Globally, cancer is still a leading cause of death. The World Health Organization (WHO) reports that in 2020, almost 10 million people died of cancer. Colorectal cancer is the third most common cancer with almost 2 million new cases, while the first two are breast cancer and lung cancer. In 2020, there were 935,000 deaths from colorectal cancer worldwide, second only to lung cancer. In Thailand, new diagnoses found 21,103 cases of colorectal cancer and 6,039 deaths.
Clinical Assoc. Prof. Dr. Tossapol Kerdsirichairat, Gastroenterologist at Bumrungrad International Hospital, states, “The early stages of colon cancer usually show no symptoms. Most cases of colon cancer are diagnosed during annual physical examinations. Symptoms of late-stage colon cancer include weight loss and bowel obstruction. Patients may come to the hospital with abdominal swelling, bloating, and nausea and vomiting. If cancer is detected on the right side of the colon, the stool will be black. If cancer is detected on the left side of the colon, the stool will be red. Anemia may be present during regular blood tests for other reasons, which can be a clue of malignancy, including colorectal cancer.”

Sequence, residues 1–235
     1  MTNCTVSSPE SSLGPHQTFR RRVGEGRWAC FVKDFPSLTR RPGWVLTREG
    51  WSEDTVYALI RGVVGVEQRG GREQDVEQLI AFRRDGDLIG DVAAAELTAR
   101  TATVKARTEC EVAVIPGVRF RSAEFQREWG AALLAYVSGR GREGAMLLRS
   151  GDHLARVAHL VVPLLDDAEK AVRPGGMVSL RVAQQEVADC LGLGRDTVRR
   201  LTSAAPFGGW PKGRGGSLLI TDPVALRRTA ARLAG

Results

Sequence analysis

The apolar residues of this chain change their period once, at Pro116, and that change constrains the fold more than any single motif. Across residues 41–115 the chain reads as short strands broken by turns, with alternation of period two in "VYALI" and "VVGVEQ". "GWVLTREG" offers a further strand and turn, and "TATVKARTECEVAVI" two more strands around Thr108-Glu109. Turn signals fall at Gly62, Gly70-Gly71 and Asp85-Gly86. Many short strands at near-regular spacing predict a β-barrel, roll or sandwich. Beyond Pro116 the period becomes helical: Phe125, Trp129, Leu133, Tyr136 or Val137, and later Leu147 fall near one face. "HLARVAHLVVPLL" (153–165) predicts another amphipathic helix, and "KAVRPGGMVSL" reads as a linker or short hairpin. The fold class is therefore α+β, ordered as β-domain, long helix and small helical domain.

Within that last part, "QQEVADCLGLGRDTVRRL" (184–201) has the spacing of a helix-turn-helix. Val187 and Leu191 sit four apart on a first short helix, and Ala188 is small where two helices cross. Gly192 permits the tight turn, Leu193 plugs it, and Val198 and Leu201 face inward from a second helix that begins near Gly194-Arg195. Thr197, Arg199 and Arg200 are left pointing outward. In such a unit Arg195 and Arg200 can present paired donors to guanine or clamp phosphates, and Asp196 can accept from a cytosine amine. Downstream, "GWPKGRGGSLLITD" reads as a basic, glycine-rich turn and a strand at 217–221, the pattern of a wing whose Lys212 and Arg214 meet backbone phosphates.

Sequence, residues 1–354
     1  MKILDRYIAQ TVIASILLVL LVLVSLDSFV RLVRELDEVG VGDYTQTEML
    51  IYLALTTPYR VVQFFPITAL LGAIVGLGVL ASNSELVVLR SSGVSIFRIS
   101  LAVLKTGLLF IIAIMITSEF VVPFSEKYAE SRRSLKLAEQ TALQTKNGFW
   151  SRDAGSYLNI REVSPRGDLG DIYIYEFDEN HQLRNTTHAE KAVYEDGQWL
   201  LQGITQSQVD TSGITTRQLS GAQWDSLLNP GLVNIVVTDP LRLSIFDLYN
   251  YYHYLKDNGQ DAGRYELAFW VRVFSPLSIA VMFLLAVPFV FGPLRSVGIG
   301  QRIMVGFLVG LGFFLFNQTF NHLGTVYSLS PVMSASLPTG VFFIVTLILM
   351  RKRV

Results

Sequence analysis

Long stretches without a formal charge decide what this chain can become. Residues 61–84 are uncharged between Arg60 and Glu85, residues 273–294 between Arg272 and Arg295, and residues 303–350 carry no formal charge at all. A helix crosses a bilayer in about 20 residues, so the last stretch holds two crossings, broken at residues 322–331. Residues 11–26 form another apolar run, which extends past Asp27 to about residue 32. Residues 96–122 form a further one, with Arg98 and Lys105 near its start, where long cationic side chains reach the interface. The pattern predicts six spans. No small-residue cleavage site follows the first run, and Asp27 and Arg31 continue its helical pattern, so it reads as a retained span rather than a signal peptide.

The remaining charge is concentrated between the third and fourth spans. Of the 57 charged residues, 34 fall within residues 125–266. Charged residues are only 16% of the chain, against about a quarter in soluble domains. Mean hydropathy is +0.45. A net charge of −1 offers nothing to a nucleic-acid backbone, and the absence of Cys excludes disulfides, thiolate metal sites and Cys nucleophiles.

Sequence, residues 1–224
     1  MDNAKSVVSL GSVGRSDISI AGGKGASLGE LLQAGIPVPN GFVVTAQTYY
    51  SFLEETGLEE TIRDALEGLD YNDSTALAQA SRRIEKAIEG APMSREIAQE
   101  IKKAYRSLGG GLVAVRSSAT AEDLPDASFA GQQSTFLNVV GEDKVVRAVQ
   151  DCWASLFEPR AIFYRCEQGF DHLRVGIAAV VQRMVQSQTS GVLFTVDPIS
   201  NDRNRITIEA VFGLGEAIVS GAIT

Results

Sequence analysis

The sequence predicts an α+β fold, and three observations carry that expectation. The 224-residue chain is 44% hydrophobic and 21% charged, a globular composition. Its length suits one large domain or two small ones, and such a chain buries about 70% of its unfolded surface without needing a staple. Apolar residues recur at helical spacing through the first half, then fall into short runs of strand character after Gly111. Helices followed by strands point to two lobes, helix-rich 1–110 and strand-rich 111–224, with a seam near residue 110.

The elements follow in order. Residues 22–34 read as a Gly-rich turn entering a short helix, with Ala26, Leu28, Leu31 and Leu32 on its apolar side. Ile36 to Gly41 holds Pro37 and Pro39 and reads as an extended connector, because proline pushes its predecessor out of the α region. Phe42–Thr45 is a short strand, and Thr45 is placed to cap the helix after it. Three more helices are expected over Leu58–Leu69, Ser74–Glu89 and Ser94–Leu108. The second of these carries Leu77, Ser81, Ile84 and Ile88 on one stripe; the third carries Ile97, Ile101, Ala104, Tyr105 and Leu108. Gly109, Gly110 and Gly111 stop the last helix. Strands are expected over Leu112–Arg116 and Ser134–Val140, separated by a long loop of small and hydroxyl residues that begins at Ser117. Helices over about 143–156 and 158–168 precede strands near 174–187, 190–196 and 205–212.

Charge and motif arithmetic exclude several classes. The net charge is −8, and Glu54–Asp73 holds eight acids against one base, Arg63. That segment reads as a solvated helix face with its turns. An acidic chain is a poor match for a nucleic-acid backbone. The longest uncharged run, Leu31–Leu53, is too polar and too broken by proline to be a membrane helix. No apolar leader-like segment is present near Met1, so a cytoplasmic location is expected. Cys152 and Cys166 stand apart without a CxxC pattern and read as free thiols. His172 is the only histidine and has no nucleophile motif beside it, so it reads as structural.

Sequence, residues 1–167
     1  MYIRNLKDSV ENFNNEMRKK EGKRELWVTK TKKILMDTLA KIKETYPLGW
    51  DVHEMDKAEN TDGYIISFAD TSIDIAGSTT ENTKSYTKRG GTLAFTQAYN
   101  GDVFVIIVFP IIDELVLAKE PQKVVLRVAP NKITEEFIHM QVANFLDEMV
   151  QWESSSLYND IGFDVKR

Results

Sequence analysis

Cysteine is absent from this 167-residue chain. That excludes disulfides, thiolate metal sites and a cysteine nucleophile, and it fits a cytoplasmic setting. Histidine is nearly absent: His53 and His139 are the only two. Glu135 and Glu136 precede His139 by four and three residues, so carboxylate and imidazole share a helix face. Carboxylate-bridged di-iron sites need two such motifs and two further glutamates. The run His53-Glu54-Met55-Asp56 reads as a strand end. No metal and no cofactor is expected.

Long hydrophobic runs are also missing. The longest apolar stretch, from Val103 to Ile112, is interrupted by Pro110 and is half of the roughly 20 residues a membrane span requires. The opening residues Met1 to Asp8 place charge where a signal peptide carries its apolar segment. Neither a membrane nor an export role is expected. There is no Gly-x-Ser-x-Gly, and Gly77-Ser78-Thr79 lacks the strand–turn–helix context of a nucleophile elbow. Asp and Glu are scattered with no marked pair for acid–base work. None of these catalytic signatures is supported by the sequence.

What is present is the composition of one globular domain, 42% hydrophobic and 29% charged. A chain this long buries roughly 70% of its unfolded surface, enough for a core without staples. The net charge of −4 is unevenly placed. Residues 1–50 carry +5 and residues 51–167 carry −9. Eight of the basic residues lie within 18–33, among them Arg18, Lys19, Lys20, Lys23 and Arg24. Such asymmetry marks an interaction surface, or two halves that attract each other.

“What I’d like to emphasize is that more than 30-50% of cancers that kill people, including colon cancer, are preventable and treatable. If colon cancer is detected early, the survival rate is high. Colon cancer originates in the colon and spreads to lymph nodes. It eventually metastasizes to the liver and/or lungs. If the cancer is detected when it has metastasized to the liver and/or lungs, the 5-year survival rate is 14%. However, if the cancer is detected when it has spread to the lymph nodes, the survival rate increases to 72%. With comprehensive evaluation, physicians may be able to raise the concern of hereditary risk factors for cancer, and some precancerous conditions can be detected before they turn cancerous. If colon cancer is detected while it is still in the colon, before it has spread to other organs, the survival rate can be as high as 90%.”
Recently, Bumrungrad International Hospital has begun using the Full-Thickness Resection Device (FTRD), the latest non-surgical technology in treating early-stage colon cancer. No abdominal incision is required. FTRD helps treat early-stage colon cancer when the cancer is present in the colon or is smaller than 3 centimeters. FTRD is done through a flexible, elastic camera which is equipped with clam-like jaws and inserted through the anus. The FTRD technology enables surgeons to remove cancerous growths and close the incision in the colon at the same time. FTRD leaves no abdominal incision scar, reduces infection, and blood loss from